When savings rates are low, remember the flipside

When savings rates are low, remember the flipside

13 September 2010 / by Rachel Mason

The average rate on a no notice savings account is currently a pitiful 0.74% which is almost three per cent less than the average just two years ago. But on the flipside, mortgage rates are also riding low –in 2008 the average tracker rate was 6.28%, now, it is 3.61%.

Here, George Ladds urges savers and borrowers to work the rates in their favour.

"The base rate has been 0.5% now for 18 months in a row, and with rates so low many families have found their mortgage payments falling, but have maybe done little to capitalise on that fact.

"If, like millions of homeowners, the low base rate has adversely affected your savings but positively affected your mortgage, you should make sure you are taking advantage. When you are paying more on your debts that you are earning on your savings, the most sensible thing to do is to pay off more debt.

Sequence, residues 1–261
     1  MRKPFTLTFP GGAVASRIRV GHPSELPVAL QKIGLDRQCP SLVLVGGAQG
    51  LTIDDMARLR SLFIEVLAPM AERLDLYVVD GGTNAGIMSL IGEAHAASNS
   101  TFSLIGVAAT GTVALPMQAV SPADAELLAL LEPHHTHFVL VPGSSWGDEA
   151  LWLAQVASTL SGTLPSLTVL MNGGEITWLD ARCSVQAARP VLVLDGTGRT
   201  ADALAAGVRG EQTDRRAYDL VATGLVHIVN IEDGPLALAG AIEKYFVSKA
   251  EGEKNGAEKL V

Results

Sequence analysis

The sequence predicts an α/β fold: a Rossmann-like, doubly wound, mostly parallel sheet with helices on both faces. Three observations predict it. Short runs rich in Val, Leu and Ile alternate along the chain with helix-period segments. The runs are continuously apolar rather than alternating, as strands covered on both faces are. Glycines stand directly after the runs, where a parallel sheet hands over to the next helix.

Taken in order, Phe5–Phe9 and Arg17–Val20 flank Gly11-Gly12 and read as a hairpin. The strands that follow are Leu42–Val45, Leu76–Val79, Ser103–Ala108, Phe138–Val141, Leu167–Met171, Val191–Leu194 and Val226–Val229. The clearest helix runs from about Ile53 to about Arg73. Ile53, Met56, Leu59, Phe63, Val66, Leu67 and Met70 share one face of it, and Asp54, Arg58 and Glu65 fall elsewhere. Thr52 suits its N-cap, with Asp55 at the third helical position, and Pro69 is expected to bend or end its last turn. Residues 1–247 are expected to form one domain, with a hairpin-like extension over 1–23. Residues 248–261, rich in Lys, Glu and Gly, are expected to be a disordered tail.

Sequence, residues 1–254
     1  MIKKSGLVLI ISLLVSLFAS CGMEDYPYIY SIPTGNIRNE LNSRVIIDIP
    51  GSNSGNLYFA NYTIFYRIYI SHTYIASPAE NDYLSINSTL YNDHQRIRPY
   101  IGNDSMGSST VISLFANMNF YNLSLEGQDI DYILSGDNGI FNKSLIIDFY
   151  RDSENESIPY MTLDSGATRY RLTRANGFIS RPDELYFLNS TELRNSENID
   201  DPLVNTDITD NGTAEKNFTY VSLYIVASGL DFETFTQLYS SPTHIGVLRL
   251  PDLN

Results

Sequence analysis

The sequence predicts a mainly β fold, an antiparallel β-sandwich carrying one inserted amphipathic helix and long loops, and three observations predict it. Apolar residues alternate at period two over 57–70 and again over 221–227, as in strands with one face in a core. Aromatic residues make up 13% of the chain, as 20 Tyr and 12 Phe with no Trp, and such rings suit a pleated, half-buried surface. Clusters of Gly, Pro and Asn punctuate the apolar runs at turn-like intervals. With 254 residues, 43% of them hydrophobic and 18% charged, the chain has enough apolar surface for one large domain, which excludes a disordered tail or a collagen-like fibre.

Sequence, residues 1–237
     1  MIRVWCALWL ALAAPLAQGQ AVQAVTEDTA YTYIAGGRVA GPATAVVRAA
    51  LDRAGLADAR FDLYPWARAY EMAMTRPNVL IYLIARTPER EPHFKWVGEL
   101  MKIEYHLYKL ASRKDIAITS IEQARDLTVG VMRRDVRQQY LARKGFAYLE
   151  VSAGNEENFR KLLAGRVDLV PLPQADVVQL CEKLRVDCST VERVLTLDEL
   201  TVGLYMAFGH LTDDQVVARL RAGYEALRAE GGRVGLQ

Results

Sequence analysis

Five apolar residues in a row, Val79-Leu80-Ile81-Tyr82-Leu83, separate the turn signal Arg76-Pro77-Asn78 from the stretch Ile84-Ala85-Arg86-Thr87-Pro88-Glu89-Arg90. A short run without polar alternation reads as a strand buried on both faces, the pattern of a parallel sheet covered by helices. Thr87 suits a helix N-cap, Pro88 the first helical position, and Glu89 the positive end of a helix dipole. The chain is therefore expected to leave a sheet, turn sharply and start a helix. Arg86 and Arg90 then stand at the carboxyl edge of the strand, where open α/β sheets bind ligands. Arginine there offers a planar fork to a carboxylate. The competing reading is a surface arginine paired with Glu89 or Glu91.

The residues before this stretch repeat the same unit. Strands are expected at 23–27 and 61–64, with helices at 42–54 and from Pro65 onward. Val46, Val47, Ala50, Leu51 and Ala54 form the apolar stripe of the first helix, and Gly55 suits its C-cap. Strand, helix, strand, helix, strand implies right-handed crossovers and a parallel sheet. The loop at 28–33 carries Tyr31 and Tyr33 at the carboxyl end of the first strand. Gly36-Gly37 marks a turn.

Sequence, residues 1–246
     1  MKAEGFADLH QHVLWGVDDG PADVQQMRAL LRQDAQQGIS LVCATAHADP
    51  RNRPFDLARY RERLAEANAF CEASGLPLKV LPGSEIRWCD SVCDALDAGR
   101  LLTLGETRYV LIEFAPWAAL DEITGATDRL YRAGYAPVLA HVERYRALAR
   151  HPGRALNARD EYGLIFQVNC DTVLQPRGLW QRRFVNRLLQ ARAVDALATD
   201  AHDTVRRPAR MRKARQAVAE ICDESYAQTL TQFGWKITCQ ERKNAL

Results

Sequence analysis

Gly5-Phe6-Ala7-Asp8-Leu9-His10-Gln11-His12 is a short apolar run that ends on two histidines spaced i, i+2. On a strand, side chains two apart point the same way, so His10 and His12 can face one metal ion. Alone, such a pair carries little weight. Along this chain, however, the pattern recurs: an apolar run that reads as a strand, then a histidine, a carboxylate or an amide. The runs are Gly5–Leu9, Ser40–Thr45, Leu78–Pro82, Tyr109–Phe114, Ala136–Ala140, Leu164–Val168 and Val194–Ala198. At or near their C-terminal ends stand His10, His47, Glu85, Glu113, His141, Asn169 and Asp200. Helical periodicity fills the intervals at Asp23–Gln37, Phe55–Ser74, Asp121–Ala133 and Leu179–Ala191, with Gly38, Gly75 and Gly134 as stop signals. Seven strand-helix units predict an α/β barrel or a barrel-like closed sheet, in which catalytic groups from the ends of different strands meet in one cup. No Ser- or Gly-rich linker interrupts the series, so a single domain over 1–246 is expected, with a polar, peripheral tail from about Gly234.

"For example, take a 25 year £100,000 mortgage. Two years ago, the average tracker rate was 6.28%, which means repayments were £662 a month. Now, the average tracker is 3.61%, which is a repayment of £507 on the same loan.

"If you chose to overpay the mortgage by the difference between the 2008 payment and today's (£155 a month), you would shave more than eight years off the term and save more than £18,000, but your monthly outgoings would stay the same.

"For many who have seen their budget squeezed, the extra cash is needed simply to make ends meet, but if you can afford to pay extra off your mortgage, not only will you be saving in the long run, but if interest rates go up and your mortgage payments increase again, you can stop the overpayments so the increase doesn't impact on your budget.

"If you have a large sum in savings that is earning very little, you could also consider paying off the entire mortgage early or at least a sizeable portion of it. Or, to minimise the impact of an increase in interest rates, another option is to move your savings from poorly performing interest accounts into a offset mortgage account."